3. Diabolical Delight. For a wee moment, there is a perception of authority, however restricted, about as close to my persona as is likely to occur ever. As a situationist and a freak, I feel this appointment is a liberation, albeit a liberation to live an Evelyn Waugh book, or a Terry Gilliam movie.

    The future of Oakland Arts is quite horrible from a bureaucratic standpoint, but a thousand flowers continue to bloom. Importantly, it looks as though no one is really paying attention. Since most good things happen when the hall monitor is looking the other way…

Let’s get started.

Studio One Public Art Commission

Had I known this (I was at the meeting! Nothing was mentioned!) I’d-a shouted a leetle earlier:

Please help us announce a great opportunity for lovers of Oakland and the arts. We’re making one last big push to distribute this Call for Artists. It’s been out now since mid-January and the deadline is a few weeks away (March 15). This is a major public art project, open to artists nationally, for the City of Oakland’s own Studio One Art Center. You can assist by passing on the RFQ (attached as a .pdf file) to any artists who might be interested. You can also refer people to the RFQ posted on the Web at: http://www.oaklandculturalarts.org/main/documents/Studio1RFQfinal.pdf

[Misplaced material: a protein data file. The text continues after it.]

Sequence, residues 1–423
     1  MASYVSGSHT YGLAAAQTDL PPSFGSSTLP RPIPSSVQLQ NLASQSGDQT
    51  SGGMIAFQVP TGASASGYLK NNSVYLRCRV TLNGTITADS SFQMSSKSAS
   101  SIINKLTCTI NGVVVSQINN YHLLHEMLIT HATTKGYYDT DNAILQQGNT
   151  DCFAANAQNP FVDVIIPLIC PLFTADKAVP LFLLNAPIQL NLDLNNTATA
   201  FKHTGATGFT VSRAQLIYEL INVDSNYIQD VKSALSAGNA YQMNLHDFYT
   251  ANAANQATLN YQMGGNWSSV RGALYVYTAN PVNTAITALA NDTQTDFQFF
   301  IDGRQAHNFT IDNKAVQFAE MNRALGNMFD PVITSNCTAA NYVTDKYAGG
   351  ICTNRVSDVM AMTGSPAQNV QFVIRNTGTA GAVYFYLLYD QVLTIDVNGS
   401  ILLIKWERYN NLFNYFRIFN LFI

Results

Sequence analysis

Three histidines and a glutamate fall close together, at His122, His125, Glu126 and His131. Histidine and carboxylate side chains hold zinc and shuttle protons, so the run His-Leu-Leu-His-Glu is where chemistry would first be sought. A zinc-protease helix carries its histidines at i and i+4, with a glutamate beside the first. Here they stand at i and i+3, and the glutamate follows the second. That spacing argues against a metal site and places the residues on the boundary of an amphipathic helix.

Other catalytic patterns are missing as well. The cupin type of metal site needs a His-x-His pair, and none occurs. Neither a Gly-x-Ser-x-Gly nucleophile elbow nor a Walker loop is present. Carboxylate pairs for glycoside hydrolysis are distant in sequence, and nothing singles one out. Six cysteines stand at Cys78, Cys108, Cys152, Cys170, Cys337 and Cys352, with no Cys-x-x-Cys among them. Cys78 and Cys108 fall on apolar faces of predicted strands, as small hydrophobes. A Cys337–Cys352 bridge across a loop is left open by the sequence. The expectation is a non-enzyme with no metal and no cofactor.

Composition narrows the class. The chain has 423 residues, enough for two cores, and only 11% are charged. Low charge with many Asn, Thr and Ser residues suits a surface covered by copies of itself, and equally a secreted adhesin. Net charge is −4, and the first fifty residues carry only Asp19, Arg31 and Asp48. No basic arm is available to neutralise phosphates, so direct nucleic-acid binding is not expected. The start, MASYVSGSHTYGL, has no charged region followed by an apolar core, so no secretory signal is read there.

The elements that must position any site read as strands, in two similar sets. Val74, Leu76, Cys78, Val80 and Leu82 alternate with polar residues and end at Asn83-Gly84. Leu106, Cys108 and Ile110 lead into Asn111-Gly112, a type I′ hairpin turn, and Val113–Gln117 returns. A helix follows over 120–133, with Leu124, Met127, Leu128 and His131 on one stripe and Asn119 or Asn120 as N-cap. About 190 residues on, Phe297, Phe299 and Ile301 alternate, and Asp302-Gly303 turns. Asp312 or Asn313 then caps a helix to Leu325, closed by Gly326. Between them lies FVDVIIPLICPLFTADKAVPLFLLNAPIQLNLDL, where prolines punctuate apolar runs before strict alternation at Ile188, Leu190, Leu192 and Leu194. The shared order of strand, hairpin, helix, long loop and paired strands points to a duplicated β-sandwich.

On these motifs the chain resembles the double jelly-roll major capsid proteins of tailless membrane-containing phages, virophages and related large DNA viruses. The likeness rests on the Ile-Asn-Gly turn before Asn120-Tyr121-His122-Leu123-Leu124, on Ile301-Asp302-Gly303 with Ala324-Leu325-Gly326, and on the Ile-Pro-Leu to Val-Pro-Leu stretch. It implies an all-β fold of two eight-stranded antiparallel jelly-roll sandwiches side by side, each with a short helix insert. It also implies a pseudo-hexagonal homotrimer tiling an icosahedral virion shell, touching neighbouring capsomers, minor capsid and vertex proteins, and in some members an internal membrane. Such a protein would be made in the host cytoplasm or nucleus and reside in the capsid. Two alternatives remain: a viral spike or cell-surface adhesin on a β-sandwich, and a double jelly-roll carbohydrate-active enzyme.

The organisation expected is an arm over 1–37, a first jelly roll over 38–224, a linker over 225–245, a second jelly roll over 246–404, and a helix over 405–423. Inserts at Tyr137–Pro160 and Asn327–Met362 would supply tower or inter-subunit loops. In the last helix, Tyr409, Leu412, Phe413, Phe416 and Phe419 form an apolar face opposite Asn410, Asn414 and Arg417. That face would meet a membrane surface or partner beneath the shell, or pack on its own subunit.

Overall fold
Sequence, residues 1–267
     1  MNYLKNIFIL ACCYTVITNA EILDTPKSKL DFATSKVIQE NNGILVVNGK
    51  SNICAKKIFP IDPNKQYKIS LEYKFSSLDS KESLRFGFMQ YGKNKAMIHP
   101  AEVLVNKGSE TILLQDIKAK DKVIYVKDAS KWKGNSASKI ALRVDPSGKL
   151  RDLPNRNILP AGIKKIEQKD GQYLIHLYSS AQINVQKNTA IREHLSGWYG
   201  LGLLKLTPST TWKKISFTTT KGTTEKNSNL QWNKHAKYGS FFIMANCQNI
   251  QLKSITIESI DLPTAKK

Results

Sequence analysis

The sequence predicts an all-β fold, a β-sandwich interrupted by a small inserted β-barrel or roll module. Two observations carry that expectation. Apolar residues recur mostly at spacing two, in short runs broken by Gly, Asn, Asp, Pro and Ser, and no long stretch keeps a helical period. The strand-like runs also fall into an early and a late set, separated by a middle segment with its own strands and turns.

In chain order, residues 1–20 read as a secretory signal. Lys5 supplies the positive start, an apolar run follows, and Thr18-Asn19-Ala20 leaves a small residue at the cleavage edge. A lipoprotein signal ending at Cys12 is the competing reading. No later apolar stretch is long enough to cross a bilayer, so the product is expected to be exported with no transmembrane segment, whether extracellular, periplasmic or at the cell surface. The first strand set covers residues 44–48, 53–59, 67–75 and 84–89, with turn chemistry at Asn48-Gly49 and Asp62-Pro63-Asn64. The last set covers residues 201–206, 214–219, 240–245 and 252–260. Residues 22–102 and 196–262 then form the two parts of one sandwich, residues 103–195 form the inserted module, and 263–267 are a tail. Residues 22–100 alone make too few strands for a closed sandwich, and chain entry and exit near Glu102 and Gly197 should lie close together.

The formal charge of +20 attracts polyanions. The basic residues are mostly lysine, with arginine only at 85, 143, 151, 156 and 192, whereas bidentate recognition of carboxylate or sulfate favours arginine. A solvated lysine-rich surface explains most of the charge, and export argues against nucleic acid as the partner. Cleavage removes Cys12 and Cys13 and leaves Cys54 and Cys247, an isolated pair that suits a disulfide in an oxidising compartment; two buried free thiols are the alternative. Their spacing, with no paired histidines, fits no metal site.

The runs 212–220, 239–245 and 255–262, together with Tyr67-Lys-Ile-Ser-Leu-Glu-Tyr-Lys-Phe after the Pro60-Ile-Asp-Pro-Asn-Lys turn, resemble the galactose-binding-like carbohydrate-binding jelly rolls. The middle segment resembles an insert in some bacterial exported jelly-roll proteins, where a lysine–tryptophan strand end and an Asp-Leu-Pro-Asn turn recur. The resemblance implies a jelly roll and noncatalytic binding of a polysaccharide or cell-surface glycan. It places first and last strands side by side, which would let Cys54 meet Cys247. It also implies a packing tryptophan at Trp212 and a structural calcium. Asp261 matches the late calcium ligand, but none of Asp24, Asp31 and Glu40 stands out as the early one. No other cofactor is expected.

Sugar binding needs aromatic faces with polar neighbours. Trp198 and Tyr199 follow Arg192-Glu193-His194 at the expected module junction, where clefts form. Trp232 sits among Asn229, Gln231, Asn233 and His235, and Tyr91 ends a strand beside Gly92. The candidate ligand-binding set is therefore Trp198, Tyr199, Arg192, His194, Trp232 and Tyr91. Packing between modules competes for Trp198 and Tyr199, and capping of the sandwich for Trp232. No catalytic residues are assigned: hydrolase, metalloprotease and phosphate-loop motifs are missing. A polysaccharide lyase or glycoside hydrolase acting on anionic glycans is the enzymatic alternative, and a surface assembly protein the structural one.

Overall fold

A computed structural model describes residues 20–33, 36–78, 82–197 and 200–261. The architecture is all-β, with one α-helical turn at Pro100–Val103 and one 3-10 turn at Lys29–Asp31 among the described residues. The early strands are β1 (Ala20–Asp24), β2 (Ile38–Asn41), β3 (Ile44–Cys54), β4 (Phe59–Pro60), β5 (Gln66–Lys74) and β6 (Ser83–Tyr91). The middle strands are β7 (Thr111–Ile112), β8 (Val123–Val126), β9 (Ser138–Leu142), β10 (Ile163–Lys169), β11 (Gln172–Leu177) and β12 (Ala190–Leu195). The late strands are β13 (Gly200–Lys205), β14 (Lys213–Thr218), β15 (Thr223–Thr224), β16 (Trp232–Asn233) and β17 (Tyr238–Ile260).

The Studio One public art project is one of the Measure DD projects approved in the annual public art plan. In January the RFQ was mailed to our database of 1200 artists and posted on numerous websites; we’ve had a lot of interest from artists already. For more information on the project, prospective applicants can contact Christin Hablewitz, Measure DD Public Art Project Manager, at (510) 238-2105.

Thank you,
Steven Huss
Public Art Coordinator

City of Oakland Cultural Arts Department

1 Frank H. Ogawa Plaza, 9th Floor